(EnergyAsia, April 30, Monday) — Non-OPEC peak oil, or the point of maximum production of oil, will not occur before 2014, said consultant Wood Mackenzie.
Disputing views that any pinnacle is within sight, Wood Mackenzie said its in-depth field-by-field research provides evidence that strong supply growth will prevail in the short term. In fact, barring unexpected disruptions to production, total global capacity is forecast to grow steadily from 86.3 million b/d in 2006 to 96.7 million b/d in 2010.
Kate Broughton, Wood Mackenzie’s Head of Oils Research, said that when global spare production capacity reached a low in 2004, largely driven by unexpectedly high oil demand in China, some observers felt that oil supply was unable to keep pace with demand and would imminently peak.
“Since 2004, however, investment in both non-OPEC and OPEC projects has opened up the spare capacity metric, according to Wood Mackenzie’s latest oil market analysis. This upstream investment has given us a clearer vision of medium term supply growth potential,” she said.
Ms Broughton expects Russia to provide the greatest supply growth in the period 2006-2012, followed by Canadian oil sands production, Brazilian deepwater production, Kazakhstan and Azerbaijan.
The most important projects, in terms of barrels/day (b/d) average addition in 2007, are Azeri Chirag Guneshli in Azerbaijan (255,000 b/d), Buzzard in the UK (140,000 b/d) and the Sakhalin-1 Area in Russia (130,000 b/d). Collectively, the top 25 individual projects which provide greatest non-OPEC growth are expected to add 2.1 million b/d of supply in 2007.
The picture in the Asia Pacific region is less bullish, with India being the only country here to make it to the list of top 10 contributors to non-OPEC oil/NGL supply growth to 2012. Like Malaysia, Vietnam and New Zealand, the country’s production will likely see growth in the short term, but this will not be enough to reverse the region’s gradual decline in output.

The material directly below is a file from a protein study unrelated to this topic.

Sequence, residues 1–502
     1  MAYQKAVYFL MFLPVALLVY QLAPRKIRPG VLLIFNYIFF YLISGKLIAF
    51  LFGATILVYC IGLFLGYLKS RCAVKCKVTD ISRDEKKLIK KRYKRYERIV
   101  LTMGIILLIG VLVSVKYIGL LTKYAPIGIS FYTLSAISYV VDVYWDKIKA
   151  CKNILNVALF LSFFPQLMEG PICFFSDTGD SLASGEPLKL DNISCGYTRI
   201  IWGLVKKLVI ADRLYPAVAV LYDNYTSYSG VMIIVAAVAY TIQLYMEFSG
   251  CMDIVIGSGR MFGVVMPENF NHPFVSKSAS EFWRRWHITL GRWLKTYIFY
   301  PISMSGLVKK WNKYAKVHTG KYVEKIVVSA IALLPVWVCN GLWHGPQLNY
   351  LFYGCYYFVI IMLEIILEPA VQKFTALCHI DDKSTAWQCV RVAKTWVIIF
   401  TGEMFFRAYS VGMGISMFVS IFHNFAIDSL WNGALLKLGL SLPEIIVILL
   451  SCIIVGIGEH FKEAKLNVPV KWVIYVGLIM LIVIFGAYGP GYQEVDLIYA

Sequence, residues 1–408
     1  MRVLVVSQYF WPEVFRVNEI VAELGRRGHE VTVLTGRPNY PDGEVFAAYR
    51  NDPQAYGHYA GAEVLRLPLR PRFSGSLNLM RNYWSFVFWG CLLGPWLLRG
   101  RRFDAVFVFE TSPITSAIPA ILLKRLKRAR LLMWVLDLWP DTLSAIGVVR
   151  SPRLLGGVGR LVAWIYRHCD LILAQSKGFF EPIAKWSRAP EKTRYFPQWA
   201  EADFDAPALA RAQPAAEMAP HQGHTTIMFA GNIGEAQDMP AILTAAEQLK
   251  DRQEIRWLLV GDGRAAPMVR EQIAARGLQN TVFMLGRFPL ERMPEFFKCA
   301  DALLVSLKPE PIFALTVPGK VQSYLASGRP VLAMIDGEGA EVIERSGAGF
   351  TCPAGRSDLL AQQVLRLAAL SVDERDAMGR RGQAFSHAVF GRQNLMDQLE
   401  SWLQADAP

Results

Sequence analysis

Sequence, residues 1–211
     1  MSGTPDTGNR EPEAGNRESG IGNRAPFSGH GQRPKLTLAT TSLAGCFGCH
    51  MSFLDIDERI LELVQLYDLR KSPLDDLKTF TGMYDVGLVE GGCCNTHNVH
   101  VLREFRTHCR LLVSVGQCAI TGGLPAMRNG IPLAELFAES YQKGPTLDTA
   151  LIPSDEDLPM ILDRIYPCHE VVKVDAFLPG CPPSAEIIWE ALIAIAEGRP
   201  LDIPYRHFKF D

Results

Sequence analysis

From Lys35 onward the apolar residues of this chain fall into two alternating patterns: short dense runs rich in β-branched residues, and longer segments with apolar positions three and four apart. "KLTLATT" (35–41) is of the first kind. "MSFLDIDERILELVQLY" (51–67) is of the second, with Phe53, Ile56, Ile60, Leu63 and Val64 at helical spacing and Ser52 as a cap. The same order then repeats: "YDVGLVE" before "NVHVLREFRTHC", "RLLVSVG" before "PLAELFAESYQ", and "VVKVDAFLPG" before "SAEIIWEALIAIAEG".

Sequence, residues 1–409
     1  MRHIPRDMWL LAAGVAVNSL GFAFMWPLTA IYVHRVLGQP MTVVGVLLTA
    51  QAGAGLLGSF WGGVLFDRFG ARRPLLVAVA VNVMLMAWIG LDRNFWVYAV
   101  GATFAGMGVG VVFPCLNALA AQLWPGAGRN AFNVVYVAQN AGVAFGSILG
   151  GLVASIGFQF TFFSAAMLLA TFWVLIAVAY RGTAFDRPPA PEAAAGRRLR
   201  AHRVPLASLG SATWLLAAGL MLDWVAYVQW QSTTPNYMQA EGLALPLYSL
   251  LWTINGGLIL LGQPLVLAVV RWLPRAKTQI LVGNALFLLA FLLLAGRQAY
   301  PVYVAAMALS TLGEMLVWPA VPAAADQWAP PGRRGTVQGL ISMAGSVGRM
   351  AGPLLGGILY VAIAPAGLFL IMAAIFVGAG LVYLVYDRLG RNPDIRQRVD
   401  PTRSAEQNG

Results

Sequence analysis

The situation is forecast to deteriorate further in the longer term. Production in the region will decline without exceptional levels of future exploration success, with China’s slide expected to accelerate to 6% per annum after 2020.
China is the region’s largest oil producer, putting out close to half of the region’s total volume. Overall, Asia Pacific’s contribution to global oil/NGL capacity will likely fall from 9% (some 8 million b/d) in 2006 to 5% (about 5.2 million b/d) in 2025.
“This means that exploration success is critical to Asia Pacific’s long-term oil production outlook,” said Ms Broughton, pointing out that “yet-to-find” oil production is expected to account for 17% of the region’s output in 2020, rising sharply to 28% in 2025.
Malaysia is the only country in the region that will buck this long-term trend. It produced about 750,000 b/d in 2006, and is expected to yield 825,000 b/d in 2025.
“In stark contrast to the outlook at the turn of the last decade, when production declines from core legacy fields were a major concern, a series of world-class deepwater discoveries have set the scene for a resurgence in output,” said Ms Broughton.
She added that Malaysian oil/NGL production beyond 2008 will be heavily determined by deepwater developments. With the 340 million barrel Kikeh and 400 million barrel Gumusut/Kakap fields expected onstream in the next five years, these deepwater oil discoveries will provide a welcome boost to declining legacy production.
“Should exploration success continue, we believe that Malaysia’s output will continue to grow until at least 2015,” she said.
Total world oil/NGL supply is expected to climb until 2025 at least, with expected capacity growth from OPEC countries and the development of unconventional sources such as biofuels, gas-to-liquids, coal-to-liquid and shale oil more than compensating for the decline from non-OPEC countries that will set in from the middle of the next decade.
“We firmly believe that peak oil is anything but imminent, while recognising that ground risks do remain. With global oil/NGL production capacity forecast to rise from 88.4 million b/d currently to 103.3 million b/d in 2015, we anticipate that oil consumers may well see some softening of the oil price in the medium term.”
However, although supply capacity is forecast to increase further to 110.2 million b/d in 2025, Wood Mackenzie forecasts OPEC’s spare productive capacity will become increasingly tight, with implications for significantly higher prices heading towards 2020.